New York University offers free tuition to all medical students originally appeared on abcnews.go.com
New York University medical students received life-changing news on Thursday -- the School of Medicine will cover full tuition going forward for all current and future students, regardless of need or merit.
The stunning announcement was made Thursday morning at the end of the annual "White Coat Ceremony," where new medical students are given white lab coats to mark the start of their M.D. degree program. At the same time, all current NYU medical students received emails saying the school is offering them full-ride scholarships too.
"Our last thing was to tell the students and their parents that, hey, tuition is going to be on us," Dr. Rafael Rivera, associate dean for admission and financial aid, told ABC News on Thursday. "It was awesome to see the emotions on their faces."
The skyrocketing cost of tuition can lead to hundreds of thousand of dollars in debt, which can be out of line with potential earnings, has been a source of much debate across the nation. Prospective doctors can carry some of the highest debt burdens.
According to the Association of American Medical Colleges, 75 percent of all doctors in the United States graduated with educational debt in 2017. On average, doctors currently graduating from a private school do so with $202,000 in debt. That debt pressure can steer new doctors away from research, community-based work and general practice, which may not be as highly paid as medical specialties.
NYU School of Medicine is the first private U.S. medical school and the only one ranked in the top 10 to offer free tuition to all its students, the university said in a press release. The yearly tuition costs covered by the scholarship are $55,018.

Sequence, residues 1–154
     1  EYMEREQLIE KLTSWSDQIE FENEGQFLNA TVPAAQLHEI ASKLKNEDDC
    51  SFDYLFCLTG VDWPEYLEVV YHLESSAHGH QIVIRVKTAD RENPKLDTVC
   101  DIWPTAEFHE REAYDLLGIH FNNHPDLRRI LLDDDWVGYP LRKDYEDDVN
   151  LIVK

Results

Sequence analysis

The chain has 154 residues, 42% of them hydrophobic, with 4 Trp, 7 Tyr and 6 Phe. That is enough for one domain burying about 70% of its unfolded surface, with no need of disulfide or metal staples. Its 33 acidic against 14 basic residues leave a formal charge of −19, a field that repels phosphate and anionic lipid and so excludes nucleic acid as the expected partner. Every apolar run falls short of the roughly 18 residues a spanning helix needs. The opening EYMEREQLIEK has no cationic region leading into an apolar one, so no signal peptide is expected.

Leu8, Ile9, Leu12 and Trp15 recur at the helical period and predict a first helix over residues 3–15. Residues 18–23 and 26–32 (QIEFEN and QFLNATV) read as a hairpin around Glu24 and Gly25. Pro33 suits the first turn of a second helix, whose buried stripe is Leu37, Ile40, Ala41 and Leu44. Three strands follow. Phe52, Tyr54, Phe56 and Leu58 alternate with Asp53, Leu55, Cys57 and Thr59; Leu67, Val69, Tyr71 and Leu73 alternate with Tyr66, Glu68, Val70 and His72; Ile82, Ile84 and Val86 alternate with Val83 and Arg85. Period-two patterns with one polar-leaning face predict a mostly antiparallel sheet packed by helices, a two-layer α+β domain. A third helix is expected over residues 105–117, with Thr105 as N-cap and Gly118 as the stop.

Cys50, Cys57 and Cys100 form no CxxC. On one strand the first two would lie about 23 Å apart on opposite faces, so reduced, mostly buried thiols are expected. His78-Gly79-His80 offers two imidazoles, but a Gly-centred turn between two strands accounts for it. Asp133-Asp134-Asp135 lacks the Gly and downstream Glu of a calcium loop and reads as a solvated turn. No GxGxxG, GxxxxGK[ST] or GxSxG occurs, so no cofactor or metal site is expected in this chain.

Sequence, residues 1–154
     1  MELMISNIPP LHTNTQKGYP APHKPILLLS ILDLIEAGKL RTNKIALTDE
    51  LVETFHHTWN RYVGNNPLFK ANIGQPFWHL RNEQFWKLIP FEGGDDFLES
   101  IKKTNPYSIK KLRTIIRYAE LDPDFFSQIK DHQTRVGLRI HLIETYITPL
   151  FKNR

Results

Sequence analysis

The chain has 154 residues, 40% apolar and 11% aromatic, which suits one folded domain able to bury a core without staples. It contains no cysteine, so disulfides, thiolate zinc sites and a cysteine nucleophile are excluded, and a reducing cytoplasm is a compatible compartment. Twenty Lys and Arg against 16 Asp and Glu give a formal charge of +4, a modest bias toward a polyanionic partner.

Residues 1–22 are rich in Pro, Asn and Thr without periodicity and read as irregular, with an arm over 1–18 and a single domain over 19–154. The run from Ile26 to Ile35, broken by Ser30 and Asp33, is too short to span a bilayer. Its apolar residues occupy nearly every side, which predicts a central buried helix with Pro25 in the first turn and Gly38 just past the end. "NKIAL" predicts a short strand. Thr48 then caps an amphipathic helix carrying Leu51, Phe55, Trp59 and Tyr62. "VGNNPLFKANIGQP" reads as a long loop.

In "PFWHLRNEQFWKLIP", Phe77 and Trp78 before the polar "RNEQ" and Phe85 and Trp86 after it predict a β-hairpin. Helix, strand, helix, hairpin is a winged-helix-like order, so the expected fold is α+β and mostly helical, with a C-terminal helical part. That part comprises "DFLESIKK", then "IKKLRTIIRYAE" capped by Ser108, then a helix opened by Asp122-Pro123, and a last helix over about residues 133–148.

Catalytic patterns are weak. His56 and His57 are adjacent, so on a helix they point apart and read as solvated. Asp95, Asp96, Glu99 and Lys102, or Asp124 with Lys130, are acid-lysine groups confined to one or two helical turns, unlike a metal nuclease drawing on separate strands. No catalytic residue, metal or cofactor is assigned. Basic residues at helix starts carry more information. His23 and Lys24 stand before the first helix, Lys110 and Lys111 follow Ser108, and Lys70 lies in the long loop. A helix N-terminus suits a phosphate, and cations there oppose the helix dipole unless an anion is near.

The free-tuition initiative began more than a decade ago when NYU created an endowment for that purpose. So far, the university has raised more than $450 million of the roughly $600 million it estimates it will need to fund full-tuition scholarships for all medical students "in perpetuity."
The move follows NYU's decision in 2013 to offer an accelerated three-year curriculum for its MD degree program, which also helps in cutting tuition costs.
The goal is to allow aspiring physicians "from all walks of life" pursue their passion with less stress, according to Dr. Robert Grossman, dean of NYU School of Medicine and CEO of NYU Langone Health.
"We thought it was a moral imperative because it's very difficult for medical students to incur the debt burden of medical school, as well as the additional time burden of training," Grossman told ABC News on Thursday.
Rivera said the daunting prospect of financial debt has an "adverse effect on patient care" by "scaring away" talented students from a career in medicine and, in effect, causing physician shortages and a lack of diversity.
"We don't want this debt to hang over their heads and persuade them from pursuing careers of passion," Rivera told ABC News.